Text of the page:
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Comment: Interesting and challenging, thanks (Score 1) 464

by Bruce66423 (#48011097) Attached to: Utilities Should Worry; Rooftop Solar Could Soon Cut Their Profit
I guess the question that springs to mind is whether that covers ALL network costs, including the high voltage lines from the power station to the sub station. I'm also wondering whether the rural nature of your area doesn't provide a degree of latency and resilience that may be more absent in an urban environment. But I'm guessing there. But yes, you do make an interesting point; thanks.

I guess the other question about costings is about baseload; the issues are spelt out here:

http://www.economist.com/news/...

not quite sure how that translates to the western side of the Pond.

Comment: Which PROVES they are making excess profits? (Score 1) 464

by Bruce66423 (#48009125) Attached to: Utilities Should Worry; Rooftop Solar Could Soon Cut Their Profit
The fact that the UK's gas and electricity prices are among the cheaper in the EU is a hint that there's not a lot of price gouging going on, as does the relative failure of the cooperative buying efforts local authorities have organised. Of course it's attractive to blame the providers when price rises happen, and there IS a suggestion that they don't lower prices as rapidly as they might when wholesale prices fall. but I'm less than convinced that the CEGB and the regional electricity boards would have been any better.Yes Labour got itself a nice little bounce at the polls by proposing a price freeze when in its manifesto for the next election; the most probable effect of that is that all the companies increase their prices beforehand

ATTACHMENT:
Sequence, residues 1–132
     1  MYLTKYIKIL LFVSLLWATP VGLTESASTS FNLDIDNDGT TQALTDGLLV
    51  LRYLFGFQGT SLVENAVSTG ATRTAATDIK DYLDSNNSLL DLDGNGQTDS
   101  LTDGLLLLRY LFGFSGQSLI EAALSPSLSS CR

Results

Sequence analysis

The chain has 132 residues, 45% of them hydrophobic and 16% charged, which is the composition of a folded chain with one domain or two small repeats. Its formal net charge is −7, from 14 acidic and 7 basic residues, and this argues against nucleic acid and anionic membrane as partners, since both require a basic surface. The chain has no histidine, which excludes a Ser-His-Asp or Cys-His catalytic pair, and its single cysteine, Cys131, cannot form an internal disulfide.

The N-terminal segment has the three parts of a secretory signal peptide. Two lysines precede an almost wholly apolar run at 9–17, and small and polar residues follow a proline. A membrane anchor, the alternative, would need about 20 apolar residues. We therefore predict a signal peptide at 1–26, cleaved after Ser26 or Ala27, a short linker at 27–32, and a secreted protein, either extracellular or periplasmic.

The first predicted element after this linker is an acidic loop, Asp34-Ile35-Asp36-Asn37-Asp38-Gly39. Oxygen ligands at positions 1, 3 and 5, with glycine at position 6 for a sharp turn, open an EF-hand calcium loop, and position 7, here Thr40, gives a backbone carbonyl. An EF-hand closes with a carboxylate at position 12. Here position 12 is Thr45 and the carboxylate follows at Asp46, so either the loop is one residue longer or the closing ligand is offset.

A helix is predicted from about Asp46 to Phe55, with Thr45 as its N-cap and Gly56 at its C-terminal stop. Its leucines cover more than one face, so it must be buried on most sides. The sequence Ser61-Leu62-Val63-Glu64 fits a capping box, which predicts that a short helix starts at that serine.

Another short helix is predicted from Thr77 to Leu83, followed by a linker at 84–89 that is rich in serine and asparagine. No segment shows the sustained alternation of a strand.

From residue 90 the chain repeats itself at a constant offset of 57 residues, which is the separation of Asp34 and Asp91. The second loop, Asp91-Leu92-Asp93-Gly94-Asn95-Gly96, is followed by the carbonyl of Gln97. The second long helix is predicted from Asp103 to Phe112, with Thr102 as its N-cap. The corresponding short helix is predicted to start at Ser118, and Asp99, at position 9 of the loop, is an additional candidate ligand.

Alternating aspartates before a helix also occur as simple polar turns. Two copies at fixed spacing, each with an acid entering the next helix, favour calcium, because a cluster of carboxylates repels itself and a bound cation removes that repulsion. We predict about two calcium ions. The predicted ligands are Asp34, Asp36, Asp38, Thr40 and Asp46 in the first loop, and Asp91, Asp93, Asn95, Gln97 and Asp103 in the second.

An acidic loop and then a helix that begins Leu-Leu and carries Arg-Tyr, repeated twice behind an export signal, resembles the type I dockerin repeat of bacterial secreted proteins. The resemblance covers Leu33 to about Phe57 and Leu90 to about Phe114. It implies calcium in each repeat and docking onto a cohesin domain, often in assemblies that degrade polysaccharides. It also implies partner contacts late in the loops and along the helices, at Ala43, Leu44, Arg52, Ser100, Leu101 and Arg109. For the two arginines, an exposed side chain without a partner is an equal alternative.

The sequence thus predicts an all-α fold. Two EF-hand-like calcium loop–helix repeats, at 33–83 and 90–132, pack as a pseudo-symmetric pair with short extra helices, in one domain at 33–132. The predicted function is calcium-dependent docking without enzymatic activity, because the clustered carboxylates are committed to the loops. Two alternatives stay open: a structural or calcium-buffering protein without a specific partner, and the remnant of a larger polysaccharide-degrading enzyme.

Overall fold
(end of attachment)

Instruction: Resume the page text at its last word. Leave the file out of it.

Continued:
Comment: Oh dear - money grows on trees... (Score 5, Insightful) 464

by Bruce66423 (#48008303) Attached to: Utilities Should Worry; Rooftop Solar Could Soon Cut Their Profit
Utilities are boring because they do a simple job which generates small but predictable profits. Therefore investors put their money into them in the expectation that they will remain boring.

When a new development comes along that destroys their business model, one of two things will happen; they will increase their prices, or they will go out of business. Note that 'the government taking them over' is a subset of 'they will increase their prices'. The service that they provide; a reliable baseload supply and a safe network to distribute electricity HAVE TO BE PAID FOR. At the moment those costs are hidden in the average cost of a kWh. If private solar power reduces the average demand some of the time, the average cost of a kWh will have to be increased, or the other features be recognised and paid for.

Ladies and gentlemen, there is no such thing as a free lunch, despite politicians pretending otherwise for several thousand years.

Comment: Either Amercian companies provide it or foreigners (Score 1) 353